Matchpoints. Both vulnerable.
♠9 ♥A Q 8 ♦K Q 9 8 6 ♣A 10 6 3
What’s your call?
For yesterday’s It’s Your Call deal (from February 2010’s Bridge Bulletin), 3♣ was named top bid.
Ten experts bid 3♣. What were their reasons?
“3♣,” said Betty Ann Kennedy. “Pass or double puts too much pressure on partner.”
“I think the correct way to play double here is takeout,” said Jill Meyers, “but I don’t believe it is Bridge Bulletin Standard.”
“3♣,” agreed Jeff Meckstroth. “If double were takeout, I would bid that instead.”
Steve Robinson agreed. “Very little has been written on what bids mean in this auction,” he said. “Because I have short spades, I’ll bid 3♣.”
“3♣,” said Kerri Sanborn. “I’m a simple soul and bid what I’m looking at.”
“With an extra ace, we need to do something,” said Peggy and John Sutherlins. “We feel double says we have something in spades.”
“3♣,” agreed Barry Rigal. “Double would show spade support, so the question is whether to risk 3♣. The vulnerability tempts me to act. I’ll blame it on Larry Cohen.”
“I would gladly double if it were for takeout,” said Larry Cohen, “but I don’t want to risk an accident if it is undiscussed. So I’ll let them push me to 3♣. If partner has more than four spades, I’ve done the wrong thing.”
Five experts doubled.
“I’m ready for minus 670,” said Karen Walker, “but with three and one-half quick tricks, allowing them to play undoubled is just too cowardly at matchpoints.”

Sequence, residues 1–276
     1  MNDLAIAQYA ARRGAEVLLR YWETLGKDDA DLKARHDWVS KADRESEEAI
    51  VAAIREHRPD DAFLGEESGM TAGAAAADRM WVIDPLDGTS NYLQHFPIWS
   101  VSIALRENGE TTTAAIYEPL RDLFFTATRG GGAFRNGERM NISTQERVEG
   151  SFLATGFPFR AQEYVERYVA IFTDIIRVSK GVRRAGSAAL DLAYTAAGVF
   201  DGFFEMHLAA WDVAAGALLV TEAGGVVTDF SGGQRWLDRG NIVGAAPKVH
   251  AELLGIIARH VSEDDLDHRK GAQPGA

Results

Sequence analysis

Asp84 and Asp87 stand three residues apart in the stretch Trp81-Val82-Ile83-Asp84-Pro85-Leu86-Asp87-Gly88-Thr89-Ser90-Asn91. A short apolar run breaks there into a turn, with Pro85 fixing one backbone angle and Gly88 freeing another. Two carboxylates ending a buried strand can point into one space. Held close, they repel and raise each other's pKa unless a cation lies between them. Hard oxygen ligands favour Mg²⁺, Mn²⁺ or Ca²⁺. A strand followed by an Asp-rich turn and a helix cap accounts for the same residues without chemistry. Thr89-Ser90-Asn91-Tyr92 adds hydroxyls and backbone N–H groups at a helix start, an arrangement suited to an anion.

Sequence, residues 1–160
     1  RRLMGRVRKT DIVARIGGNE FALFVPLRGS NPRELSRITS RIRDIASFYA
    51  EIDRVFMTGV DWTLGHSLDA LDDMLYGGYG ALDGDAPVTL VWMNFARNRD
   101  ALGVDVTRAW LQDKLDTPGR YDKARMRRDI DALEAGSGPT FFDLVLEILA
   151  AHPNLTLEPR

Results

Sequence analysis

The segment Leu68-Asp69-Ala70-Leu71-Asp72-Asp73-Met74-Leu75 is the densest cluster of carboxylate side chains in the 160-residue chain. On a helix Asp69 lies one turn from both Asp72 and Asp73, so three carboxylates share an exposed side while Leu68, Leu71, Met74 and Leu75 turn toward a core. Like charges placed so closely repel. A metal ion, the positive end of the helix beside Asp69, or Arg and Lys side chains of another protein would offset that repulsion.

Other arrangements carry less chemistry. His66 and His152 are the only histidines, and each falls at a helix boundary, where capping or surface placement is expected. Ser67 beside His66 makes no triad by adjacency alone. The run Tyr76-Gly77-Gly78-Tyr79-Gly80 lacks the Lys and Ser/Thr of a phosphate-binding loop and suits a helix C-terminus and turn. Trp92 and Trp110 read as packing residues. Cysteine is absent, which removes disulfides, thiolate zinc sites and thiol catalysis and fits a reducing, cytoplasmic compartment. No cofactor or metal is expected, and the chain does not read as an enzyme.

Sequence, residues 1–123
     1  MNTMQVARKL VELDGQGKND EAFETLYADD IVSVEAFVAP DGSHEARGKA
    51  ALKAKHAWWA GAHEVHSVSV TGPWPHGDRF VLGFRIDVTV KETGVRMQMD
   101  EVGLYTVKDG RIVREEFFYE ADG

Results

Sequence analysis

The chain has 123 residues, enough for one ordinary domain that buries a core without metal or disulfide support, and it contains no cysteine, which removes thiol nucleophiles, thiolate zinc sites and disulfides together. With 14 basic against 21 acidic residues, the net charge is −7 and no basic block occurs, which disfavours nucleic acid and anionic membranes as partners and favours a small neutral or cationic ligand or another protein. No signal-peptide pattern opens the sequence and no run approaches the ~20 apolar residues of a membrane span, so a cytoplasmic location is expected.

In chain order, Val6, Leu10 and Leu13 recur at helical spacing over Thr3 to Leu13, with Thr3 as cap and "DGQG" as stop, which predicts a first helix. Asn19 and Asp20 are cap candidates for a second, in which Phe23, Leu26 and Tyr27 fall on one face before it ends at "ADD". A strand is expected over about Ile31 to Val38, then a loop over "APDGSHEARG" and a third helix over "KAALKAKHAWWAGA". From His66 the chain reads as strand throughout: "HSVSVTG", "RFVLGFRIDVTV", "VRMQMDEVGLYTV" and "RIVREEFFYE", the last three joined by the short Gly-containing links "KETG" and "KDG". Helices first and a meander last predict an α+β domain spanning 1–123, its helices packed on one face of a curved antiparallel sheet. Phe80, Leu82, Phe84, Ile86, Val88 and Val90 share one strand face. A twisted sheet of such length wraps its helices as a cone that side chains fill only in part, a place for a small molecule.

“We had some discussion about this and decided that playing a double for penalty in this auction makes no sense,” said Linda and Robb Gordon.
“Double here should show extra values and a hand good enough to compete,” said Mel Colchamiro. “There are only so many spades in the deck, so partner should know I don’t have many.”
Allan Falk also voted for double. “If you play double for penalty, you will wait for years for that hand,” said Falk. “I hate to violate the BBS system, but if I get a zero, so be it.”
“I play a double here as takeout,” said Mike Lawrence. “My shape is slightly skewed, but if North bids hearts, then he has five spades. With that holding he might pass for penalty.”
Three experts chose to pass.
“Pass,” said August Boehm. “If double were takeout with extra values, naturally that would be ideal. Unfortunately, it isn’t.”
“Although we have some extras, we don’t mind defending spades if that is partner’s choice,” said Kitty and Steve Cooper.
Your vulnerable opponent bid 2♠, a suit North has at least four of. Most of the panel trust that East is not a maniac, and so look for a fit in clubs.
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